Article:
in the end, the biggest mistake made by the “accidental racist” singer & the “accidental uncle tom” rapper isn’t as much about racism as it is about ignorance. paisley tries to use an “aww, shucks” attitude to avoid the responsibility demanded of him by his access to knowledge but it doesn’t work. for ll, his overly accommodating approach + premature “let bygones be bygones” attitude undermines the time/effort needed to truly heal 200+ years’ worth of wounds.
there’s a great quote from malcolm x that comes to mind: “don’t be in such a hurry to condemn a person because he doesn’t do what you do, or think as you think or as fast. there was a time when you didn’t know what you know today.” i don’t think anyone should simply condemn paisley or smith for their missteps (especially when they might be attempting something that other mainstream artists don’t on the regular). nevertheless, i do hope that the different reactions to the track will help them know better and do better in the future.
i never got with the odd future wave. love what frank is doing on the r&b front, but most of what i heard/saw from their rappers (tyler, earl, hodgy, etc.) was mostly wack and/or weird. that said, i’m glad i gave tyler’s new video a shot. his song “ifhy” adds some color to the gray areas of love. visually, it reminds me of the imaginative stuff busta rhymes was doing out in the 90s (see here & here for examples & nostalgia). on both fronts, he does a good job negotiating that subjective line between weirdness and creativity. check it out and let me know what you think. also on the strength of this, i’m gonna give tyler’s new album wolf a run-through (will update ya on it when i do).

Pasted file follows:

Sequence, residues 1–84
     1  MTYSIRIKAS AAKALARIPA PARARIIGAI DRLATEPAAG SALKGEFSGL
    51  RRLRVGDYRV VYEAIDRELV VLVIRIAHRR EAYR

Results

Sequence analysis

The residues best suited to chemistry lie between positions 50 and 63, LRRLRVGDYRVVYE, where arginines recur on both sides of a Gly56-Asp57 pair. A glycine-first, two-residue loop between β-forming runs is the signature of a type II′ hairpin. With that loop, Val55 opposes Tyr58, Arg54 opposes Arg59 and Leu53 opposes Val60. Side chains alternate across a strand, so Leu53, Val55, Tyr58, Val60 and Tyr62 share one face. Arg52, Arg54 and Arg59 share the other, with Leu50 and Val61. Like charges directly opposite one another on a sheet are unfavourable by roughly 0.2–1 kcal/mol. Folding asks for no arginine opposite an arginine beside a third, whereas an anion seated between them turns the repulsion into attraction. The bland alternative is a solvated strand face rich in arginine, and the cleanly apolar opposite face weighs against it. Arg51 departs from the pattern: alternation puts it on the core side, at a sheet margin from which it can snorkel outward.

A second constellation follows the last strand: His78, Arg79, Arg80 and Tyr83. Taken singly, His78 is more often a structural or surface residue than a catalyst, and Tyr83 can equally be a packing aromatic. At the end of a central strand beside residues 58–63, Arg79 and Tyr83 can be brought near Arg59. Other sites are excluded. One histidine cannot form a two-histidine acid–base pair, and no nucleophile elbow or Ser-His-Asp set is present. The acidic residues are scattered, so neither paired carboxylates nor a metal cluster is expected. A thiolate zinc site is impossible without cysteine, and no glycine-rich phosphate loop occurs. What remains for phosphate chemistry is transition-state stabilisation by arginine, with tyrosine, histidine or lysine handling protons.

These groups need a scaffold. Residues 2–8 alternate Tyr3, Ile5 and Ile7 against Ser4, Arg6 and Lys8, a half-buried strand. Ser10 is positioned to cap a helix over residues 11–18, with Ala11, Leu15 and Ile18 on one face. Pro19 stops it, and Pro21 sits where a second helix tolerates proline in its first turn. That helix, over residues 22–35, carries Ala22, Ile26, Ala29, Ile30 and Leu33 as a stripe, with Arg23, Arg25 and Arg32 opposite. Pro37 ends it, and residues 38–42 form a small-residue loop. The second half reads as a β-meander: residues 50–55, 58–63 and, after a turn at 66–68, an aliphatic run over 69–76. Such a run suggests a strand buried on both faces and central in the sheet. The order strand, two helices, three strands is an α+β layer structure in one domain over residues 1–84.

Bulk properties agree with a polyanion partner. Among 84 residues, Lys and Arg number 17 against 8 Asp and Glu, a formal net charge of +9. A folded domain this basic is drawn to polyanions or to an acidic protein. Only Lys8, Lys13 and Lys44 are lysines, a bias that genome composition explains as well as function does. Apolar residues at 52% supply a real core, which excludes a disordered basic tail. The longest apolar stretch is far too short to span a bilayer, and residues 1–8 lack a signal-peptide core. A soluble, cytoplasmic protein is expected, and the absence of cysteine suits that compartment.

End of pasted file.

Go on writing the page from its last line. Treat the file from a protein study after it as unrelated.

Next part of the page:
i checked out big boi’s vicious lies and dangerous rumors on a whim and i’m glad i did. with a mix of sounds and lyrics as colorful as the album cover, i’m guessing he had as much fun making it as i did listening to it. for a little taste, here’s “shoes for running” featuring b.o.b & san diego-based band wavves. find a way to get your hands on the full album. your ears deserve it.
in the past, life rewind was about recapping my favorite songs of the year. this time, i’m expanding it to a fuller blog review. more to come in the next few weeks.